Environmental stewardship through the enhancement of green spaces
- Adaptation to climate change
- Offsetting the production of greenhouse gases
- Mitigation of heat islands
- Reducing soil erosion
- Improving air quality
- Responsible use of water
- Conservation of green spaces
Definitions of Evaluation Criteria
Tidiness includes an overall tidiness effort by the municipality, businesses, institutions and the residents throughout the community. Elements for evaluation are parks and green spaces, medians, boulevards, sidewalks, streets; municipal, commercial, institutional and residential properties; ditches, road shoulders, vacant lots, signs and buildings; weed control, litter clean-up (including cigarette butts and gum), graffiti prevention/removal and vandalism deterrent programs.
Environmental action pertains to the impact of human activities on the environment and the subsequent efforts and achievements of the community with respect to: policies, by-laws, programs and best practices for waste reduction and landfill diversion, composting sites, landfill sites, hazardous waste collections, water conservation, energy conservation, and environmental stewardship activities under the guiding principles of sustainable development pertaining to green spaces.
Heritage conservation includes efforts to preserve natural and cultural heritage within the community. Preservation of natural heritage pertains to policies, plans and actions concerning all elements of biodiversity including flora and fauna ecosystems and associated geological structures and formations. Cultural conservation refers to the heritage that helps define the community including the legacy of tangible (built/hard assets) elements such as heritage buildings, monuments, memorials, cemeteries, artifacts, museums and intangible elements such as traditions, customs, festivals and celebrations. The participation of groups such as historical societies and conservation groups are considered.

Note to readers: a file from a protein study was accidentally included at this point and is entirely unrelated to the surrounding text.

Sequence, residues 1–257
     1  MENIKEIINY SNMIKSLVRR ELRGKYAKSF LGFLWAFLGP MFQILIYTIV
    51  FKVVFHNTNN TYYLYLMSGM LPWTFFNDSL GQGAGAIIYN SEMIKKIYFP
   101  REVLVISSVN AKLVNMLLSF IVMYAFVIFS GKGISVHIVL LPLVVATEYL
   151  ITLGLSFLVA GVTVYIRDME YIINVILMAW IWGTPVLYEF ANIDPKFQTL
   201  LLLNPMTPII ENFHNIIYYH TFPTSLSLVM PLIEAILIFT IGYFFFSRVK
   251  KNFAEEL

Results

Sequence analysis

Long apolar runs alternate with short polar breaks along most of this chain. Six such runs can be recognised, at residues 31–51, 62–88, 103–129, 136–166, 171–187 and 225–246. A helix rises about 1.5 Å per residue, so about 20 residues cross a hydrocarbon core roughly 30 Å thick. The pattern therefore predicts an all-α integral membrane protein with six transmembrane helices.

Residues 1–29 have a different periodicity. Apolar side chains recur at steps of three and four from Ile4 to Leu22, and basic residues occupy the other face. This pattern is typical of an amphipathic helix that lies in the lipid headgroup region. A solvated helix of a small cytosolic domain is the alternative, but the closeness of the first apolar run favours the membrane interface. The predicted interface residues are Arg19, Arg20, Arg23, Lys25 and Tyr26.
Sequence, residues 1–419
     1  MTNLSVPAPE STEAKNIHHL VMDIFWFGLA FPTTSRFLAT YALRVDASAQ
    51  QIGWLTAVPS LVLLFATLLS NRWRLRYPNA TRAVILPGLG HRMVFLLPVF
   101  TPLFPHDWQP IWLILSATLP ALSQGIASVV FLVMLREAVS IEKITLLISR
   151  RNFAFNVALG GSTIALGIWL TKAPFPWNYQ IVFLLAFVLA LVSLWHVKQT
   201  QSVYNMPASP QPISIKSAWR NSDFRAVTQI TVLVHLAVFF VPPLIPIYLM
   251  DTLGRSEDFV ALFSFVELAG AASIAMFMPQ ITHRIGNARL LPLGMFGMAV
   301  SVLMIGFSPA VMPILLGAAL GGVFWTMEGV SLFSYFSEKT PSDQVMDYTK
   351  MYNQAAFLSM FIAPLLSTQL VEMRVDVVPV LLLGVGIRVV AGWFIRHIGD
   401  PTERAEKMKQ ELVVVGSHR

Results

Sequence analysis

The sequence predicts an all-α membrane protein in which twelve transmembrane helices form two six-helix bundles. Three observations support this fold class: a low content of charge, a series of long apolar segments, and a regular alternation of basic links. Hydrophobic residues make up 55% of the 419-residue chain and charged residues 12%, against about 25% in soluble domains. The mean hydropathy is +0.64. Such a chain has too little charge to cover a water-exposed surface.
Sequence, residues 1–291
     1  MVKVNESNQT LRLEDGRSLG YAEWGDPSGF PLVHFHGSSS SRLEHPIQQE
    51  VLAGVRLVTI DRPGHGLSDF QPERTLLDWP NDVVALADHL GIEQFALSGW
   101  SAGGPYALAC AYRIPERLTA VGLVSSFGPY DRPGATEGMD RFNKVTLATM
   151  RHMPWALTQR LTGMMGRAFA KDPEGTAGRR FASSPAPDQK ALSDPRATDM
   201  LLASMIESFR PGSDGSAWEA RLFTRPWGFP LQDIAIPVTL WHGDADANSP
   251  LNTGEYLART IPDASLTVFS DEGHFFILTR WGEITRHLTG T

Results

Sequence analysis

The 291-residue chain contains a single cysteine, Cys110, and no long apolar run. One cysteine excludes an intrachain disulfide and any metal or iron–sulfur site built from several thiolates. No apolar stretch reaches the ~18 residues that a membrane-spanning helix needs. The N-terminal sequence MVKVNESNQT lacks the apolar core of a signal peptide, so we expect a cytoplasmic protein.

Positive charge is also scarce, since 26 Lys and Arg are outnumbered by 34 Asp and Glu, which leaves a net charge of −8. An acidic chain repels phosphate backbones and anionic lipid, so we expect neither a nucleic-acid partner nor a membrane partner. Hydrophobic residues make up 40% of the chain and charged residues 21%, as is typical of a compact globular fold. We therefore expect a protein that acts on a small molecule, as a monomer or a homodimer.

Urban Forestry includes the efforts of the municipality, businesses, institutions and residents with regards to written policies, by-laws, standards for tree management (selection, planting, and maintenance), long and short-term management plans, tree replacement policies, pollinator friendly tree selection, tree inventory, and Integrated Pest Management (IPM), heritage, memorial and commemorative trees.
Landscape includes planning, design, construction and maintenance of parks and green spaces suitable for the intended use and location on a year-round basis. Elements for evaluation include: native and introduced materials; balance of plants, materials and constructed elements; appropriate integration of hard surfaces and art elements, use of turf and groundcovers. Landscape design should harmonize the interests of all sectors of the community. Standards of execution and maintenance should demonstrate best practices, including quality of naturalization, use of groundcovers and wildflowers along with turf management.
Floral displays evaluates efforts of the municipality, businesses, institutions and residents to design, plan, execute, and maintain floral displays of high quality standards. Evaluation includes the design and arrangements of flowers and plants (annuals, perennials, bulbs, ornamental grasses, edible plants, water efficient and pollinator friendly plants) in the context of originality, distribution, location, diversity and balance, colour, and harmony This pertains to flowerbeds, carpet bedding, containers, baskets and window boxes.